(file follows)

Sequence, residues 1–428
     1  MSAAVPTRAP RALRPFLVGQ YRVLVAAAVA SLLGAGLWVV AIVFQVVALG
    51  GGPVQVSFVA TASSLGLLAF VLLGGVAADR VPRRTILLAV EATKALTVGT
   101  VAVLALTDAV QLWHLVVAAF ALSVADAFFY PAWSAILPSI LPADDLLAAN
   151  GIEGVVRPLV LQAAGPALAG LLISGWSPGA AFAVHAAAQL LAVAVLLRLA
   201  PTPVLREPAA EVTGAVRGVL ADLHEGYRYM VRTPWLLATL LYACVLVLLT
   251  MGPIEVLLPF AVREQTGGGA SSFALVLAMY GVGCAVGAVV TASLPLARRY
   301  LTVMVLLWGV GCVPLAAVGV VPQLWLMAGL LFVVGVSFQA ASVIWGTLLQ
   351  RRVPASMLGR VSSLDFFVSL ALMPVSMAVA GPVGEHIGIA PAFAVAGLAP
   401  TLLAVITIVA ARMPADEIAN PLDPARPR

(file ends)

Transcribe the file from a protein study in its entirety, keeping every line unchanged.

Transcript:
Sequence, residues 1–428
     1  MSAAVPTRAP RALRPFLVGQ YRVLVAAAVA SLLGAGLWVV AIVFQVVALG
    51  GGPVQVSFVA TASSLGLLAF VLLGGVAADR VPRRTILLAV EATKALTVGT
   101  VAVLALTDAV QLWHLVVAAF ALSVADAFFY PAWSAILPSI LPADDLLAAN
   151  GIEGVVRPLV LQAAGPALAG LLISGWSPGA AFAVHAAAQL LAVAVLLRLA
   201  PTPVLREPAA EVTGAVRGVL ADLHEGYRYM VRTPWLLATL LYACVLVLLT
   251  MGPIEVLLPF AVREQTGGGA SSFALVLAMY GVGCAVGAVV TASLPLARRY
   301  LTVMVLLWGV GCVPLAAVGV VPQLWLMAGL LFVVGVSFQA ASVIWGTLLQ
   351  RRVPASMLGR VSSLDFFVSL ALMPVSMAVA GPVGEHIGIA PAFAVAGLAP
   401  TLLAVITIVA ARMPADEIAN PLDPARPR